- Robert & Mary Larimer's story
- Meyer & Tillie Mahler's story
- Halbert McClure from Donegal
- Wood family of Ohio
- McKibbin & Larimer
- Schwartz family, Ungvar
- John & Mary Slatter's story
- Steiner & Rinehart story
- Genealogy--Free or Fee?
- My Genealogy Presentations
- Sample Templates
Monday, May 22, 2017
Sunday, December 3, 2017
Here's the story, starting with the mystery of the 1910 Census. Some members of my Mahler family were living in New York City along with a "boarder," Jennie Birk. Now the reason this caught my eye is that Henrietta Mahler (my paternal grandma) had married Isaac Burk (my paternal grandpa) only a few years earlier. The year before their marriage, the 1905 Census showed Isaac and his brother Meyer living with the Mahler family in their NYC apartment, as "boarders." So the mystery was--did Jennie Birk have a family connection to my grandparents?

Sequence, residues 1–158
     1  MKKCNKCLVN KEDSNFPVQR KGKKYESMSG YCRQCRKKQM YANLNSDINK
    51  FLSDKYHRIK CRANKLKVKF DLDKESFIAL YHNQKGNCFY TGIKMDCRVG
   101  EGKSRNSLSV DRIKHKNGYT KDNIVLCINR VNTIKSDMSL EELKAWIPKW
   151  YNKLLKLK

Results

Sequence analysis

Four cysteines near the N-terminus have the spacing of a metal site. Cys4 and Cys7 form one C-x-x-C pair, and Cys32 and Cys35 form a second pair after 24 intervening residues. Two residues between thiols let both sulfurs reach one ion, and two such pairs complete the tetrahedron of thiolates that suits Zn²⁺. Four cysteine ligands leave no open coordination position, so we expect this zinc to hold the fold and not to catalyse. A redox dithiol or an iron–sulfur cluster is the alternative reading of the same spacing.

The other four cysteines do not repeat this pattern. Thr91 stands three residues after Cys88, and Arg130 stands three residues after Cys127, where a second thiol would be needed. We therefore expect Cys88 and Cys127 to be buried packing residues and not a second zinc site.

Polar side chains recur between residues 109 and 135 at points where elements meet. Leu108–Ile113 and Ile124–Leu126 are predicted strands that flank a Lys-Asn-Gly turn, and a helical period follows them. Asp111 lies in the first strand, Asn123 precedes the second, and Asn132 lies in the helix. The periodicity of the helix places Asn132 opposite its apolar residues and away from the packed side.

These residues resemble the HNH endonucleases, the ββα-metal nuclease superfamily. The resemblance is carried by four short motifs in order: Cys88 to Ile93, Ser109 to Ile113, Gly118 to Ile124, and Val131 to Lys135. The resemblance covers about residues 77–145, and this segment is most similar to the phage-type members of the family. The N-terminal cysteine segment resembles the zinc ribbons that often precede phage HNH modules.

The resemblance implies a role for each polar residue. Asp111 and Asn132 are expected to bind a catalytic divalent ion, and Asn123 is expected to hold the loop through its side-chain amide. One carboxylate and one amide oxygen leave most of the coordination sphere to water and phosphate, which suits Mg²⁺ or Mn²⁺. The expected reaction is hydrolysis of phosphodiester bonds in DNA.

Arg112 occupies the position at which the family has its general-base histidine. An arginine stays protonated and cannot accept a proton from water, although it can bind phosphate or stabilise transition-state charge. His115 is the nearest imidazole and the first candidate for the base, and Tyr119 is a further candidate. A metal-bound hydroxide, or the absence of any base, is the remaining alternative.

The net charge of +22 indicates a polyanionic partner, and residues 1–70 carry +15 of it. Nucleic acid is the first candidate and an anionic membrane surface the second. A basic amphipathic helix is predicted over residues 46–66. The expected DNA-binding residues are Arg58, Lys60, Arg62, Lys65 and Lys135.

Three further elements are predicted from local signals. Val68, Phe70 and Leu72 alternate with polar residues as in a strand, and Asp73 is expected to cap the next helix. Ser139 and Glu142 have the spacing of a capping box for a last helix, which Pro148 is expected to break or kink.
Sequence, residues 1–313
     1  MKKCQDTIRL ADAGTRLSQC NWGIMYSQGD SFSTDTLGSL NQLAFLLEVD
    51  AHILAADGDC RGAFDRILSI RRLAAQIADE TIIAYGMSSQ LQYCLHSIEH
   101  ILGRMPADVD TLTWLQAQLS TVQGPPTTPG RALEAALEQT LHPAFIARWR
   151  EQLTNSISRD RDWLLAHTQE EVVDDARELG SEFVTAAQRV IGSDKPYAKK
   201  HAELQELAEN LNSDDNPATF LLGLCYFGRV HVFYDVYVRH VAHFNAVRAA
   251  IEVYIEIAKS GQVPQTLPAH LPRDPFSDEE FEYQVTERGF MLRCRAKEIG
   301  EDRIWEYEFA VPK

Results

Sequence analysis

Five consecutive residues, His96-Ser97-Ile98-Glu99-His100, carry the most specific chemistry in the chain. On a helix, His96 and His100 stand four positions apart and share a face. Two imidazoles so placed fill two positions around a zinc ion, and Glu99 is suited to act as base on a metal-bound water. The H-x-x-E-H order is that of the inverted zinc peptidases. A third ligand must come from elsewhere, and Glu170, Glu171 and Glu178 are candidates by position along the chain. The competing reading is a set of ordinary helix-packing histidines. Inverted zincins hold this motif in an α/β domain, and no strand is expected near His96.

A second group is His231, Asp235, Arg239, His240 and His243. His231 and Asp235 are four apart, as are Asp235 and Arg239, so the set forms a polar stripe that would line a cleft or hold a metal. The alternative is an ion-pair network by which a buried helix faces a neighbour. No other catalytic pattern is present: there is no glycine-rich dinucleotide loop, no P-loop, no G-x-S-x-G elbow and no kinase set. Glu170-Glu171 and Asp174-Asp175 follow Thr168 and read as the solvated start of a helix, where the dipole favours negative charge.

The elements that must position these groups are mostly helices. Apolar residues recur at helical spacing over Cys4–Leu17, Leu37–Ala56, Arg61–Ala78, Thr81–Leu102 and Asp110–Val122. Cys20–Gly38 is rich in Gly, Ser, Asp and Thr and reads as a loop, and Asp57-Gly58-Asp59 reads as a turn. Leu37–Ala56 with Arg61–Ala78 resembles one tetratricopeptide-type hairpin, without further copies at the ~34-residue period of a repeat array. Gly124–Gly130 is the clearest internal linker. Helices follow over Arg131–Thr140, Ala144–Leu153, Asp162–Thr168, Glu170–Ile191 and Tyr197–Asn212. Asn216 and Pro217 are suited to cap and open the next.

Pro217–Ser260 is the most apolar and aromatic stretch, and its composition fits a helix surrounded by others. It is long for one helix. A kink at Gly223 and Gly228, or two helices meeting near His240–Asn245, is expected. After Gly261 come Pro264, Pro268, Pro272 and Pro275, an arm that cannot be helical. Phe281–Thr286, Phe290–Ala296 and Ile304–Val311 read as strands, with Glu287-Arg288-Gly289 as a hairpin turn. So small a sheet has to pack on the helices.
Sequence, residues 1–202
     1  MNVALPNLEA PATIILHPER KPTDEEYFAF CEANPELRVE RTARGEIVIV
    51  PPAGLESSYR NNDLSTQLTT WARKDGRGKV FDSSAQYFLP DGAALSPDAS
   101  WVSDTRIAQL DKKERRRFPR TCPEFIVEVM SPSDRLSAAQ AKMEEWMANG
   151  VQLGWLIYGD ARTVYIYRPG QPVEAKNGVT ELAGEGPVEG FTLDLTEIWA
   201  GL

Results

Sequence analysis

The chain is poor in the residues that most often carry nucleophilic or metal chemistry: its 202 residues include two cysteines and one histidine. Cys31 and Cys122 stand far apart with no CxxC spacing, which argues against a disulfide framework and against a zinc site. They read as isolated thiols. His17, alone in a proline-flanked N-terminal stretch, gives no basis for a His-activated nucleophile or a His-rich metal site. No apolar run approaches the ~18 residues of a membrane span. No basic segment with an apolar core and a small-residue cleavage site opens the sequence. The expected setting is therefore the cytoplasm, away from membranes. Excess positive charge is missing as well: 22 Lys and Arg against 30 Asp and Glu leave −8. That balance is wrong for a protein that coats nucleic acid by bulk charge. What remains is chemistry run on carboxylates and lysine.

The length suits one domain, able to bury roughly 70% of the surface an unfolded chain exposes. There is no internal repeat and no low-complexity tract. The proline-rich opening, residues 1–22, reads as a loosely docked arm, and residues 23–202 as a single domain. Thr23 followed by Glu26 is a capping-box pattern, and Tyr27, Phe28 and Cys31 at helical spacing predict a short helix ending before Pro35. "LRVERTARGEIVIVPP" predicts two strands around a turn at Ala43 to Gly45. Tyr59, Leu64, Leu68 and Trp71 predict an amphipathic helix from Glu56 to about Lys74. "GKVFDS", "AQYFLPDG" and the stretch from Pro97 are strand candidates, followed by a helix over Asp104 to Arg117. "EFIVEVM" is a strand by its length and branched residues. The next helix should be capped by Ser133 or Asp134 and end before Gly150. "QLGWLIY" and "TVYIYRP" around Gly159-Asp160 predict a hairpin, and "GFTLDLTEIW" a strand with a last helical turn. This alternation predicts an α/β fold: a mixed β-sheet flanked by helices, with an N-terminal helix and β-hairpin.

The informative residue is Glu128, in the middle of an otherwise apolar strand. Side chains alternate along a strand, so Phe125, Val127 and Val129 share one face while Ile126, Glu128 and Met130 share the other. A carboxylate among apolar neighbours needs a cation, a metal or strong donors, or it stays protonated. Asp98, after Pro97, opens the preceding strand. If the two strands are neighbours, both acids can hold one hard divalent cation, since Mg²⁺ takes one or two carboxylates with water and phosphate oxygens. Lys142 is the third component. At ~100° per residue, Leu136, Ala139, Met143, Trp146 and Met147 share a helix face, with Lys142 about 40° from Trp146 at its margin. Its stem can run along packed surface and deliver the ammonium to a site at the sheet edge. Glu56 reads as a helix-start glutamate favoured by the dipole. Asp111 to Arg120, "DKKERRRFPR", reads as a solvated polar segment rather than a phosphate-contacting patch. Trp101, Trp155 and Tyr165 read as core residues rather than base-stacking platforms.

In May, Sis found Mom's old address book, and my paternal cousin found letters to/from his Mom, as shown above. I'd never heard of an "Aunt Jennie" in my Dad's family, and yet Dad's sister was writing to her "Aunt Jenny" in 1962. Mom's address book showed the same people (on the same street in Lakeland, Florida) in the early 1960s.
My next step was to research the NYC marriages on Italiangen.org, where I found that Jennie Burk had married Paul Salkofsky. Another few minutes of research revealed that Paul Salkofsky was naturalized as Paul Salkowitz. In other words, the address book and the letters had led me to my grandpa's sister, Jennie Birk Salkowitz.